Hoffer also points to the deliberately lax standards for awarding grants, established by the legislature on the principle of “keep it simple and get the money out the door.”

See, we must expect rigorous documentation and enforcement in social service programs, but Heaven forbid we should bother well-educated, white-collar recipients of economic development initiatives. Or businesses that draw on incentives for job training or expansion.

Because pretty much all of Commerce’s highly-touted programs are basically emperors with no clothes. Or, as Hoffer put it, “there is little reliable performance data about some of the State’s largest economic development programs.”

He closes the introduction to his new report with the destined-to-be-ignored clarion call: “When considering funding for Vermont’s economic development programs, we strongly encourage decision makers to take an evidence-based approach.”

Yeah, right. When pigs fly.

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OneCare: “Please make us too big to fail”

As VTDigger reported a few days ago, Vermont’s public sector unions are feeling a little dubious about turning over their health care benefits to OneCare Vermont, the accountable care organization that’s beginning to develop a record of scoring own goals. For instance, OneCare seems to be (inadvertently, one would hope) doing its best to validate the unions’ concerns.

OneCare is in the process of seeking a dominant position in Vermont’s health care marketplace, by signing up as many groups and individuals as possible to its model of paying providers for outcomes instead of services performed. It’s the current hot idea in health care, and many smart people see great promise in it.

Of course, go back eight years and a lot of smart people saw great promise in then-governor Shumlin’s single-payer idea. And we know how well that went.

A little more than a month ago, OneCare went before the Green Mountain Care Board with a request for a $1.36 billion budget — a whopping 33 percent increase over last year’s. See, it’s been losing money and failing to produce the cost savings it promised.

OneCare’s explanation: It’s not big enough. Digger:

“We can’t measure success without scale,” [OneCare] CEO Vicki Loner told the Green Mountain Care Board at its budget hearing last month. The more people who participate, the more effective the system will be, she said.

Yeah, well, that may be true. But it’s also an invitation to pour more money down what might turn out to be a rathole. Loner is essentially saying that OneCare has to become too big to fail, merely in order to adequately test its health care model.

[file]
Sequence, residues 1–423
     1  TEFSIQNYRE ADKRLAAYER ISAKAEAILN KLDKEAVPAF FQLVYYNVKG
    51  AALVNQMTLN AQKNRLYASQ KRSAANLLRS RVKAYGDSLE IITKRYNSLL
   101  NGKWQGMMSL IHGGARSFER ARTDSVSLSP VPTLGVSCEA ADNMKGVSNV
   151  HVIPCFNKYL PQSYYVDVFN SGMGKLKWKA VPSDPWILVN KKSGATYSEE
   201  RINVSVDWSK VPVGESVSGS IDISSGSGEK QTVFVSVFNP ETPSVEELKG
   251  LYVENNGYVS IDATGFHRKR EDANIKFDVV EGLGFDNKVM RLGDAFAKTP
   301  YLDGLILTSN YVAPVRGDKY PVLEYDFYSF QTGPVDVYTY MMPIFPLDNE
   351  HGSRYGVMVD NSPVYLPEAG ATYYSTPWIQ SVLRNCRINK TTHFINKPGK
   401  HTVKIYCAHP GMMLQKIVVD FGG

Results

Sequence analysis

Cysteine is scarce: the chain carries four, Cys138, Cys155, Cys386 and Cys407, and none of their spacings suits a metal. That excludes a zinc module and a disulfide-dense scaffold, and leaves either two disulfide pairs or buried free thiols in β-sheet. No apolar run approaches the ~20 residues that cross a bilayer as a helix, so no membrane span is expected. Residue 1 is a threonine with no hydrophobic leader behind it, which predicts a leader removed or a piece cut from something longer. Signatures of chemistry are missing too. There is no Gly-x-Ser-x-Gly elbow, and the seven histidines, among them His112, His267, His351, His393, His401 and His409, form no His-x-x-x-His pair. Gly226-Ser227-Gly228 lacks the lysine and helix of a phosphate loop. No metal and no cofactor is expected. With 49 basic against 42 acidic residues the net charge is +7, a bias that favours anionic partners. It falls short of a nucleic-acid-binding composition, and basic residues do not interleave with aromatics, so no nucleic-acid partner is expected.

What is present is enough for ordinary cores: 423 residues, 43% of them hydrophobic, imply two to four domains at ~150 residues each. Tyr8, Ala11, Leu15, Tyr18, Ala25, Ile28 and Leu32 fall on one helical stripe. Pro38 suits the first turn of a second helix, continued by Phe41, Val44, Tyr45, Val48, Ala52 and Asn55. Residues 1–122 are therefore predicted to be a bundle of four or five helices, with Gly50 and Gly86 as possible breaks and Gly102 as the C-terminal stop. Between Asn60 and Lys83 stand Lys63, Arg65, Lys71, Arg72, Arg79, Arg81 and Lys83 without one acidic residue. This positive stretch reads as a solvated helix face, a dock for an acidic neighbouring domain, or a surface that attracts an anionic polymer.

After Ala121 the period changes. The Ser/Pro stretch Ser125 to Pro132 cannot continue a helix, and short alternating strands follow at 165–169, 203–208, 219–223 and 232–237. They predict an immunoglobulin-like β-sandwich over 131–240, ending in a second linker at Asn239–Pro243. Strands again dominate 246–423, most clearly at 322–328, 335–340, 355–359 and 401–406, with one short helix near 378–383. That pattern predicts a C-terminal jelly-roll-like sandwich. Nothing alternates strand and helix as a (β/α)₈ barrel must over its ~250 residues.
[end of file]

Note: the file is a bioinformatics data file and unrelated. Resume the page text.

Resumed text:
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U Mad, Bro?

So I hear that some Vermont Democrats are upset with me for… um… telling the truth?

The party’s executive committee met this week, and from what I hear, there was some grumbling about my recent posts concerning the Brandon Batham embezzlement case and the management issues revealed thereby.

If true, my response: Quit whining and get your house in order.

Or, if you’re going to complain, summon up your courage and tell me how I’m wrong. Because until proven otherwise, I stand by what I’ve written.

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Phil Scott draws a line in the sand

Of course, “a line in the sand” is the easiest thing to erase.

Last Friday on VPR’s “Vermont Edition,” Gov. Phil Scott asserted that Vermont faces a $70-80 million budget shortfall.

Err, well, not quite.

What he actually said was, Vermont “maybe” faces what “could” be a gap of $70-80 million between revenue and spending. And those weren’t the only qualifiers. In fact, if you read a transcript of his remarks, you might wonder what he actually meant to say. (Part of Scott’s charm, and his political appeal, is that if you listen to him long enough you’re almost certain to hear something you can agree with.)

As far as I can recall, this is the first time Scott has made this claim, which seems to be a gauntlet thrown at the legislature’s feet. It’s familiar and politically attractive ground for the Republican governor, who has to deal with a restless base (and a conservative challenger) in the 2020 primary. Being tough on the budget is Scott’s best tactic for shoring up the base — and for drawing a distinction between himself and those evil, big-spending Democrats and their endless appetite for raising taxes.

That’s a joke, by the way. The Dems may be fiscally looser than the Repubs, but they are about as far as you can get from Tax-And-Spend Libertines as you can get. Just ask any of the four money committee chairs.

But let’s get back to the governor’s remarks. (NOTE: All transcripts are mine, and are as accurate as I could get. I left out the stammers and false starts, which were quite numerous. The gov wasn’t on his A-Game.) Start with this… um… not-a-sentence.

We’re seeing a lot of pressures, maybe even creating a $70-80 million gap between what we’re taking in and, if all remains the same, that we would feel.

I listened to this passage several times, and that’s what I heard. Let’s leave aside the disconnect between the beginning and the ending, and focus on the “maybe even creating” part. He’s not claiming an actual $70-80M gap; he’s saying that budgetary pressures could, at worst, create such a gap.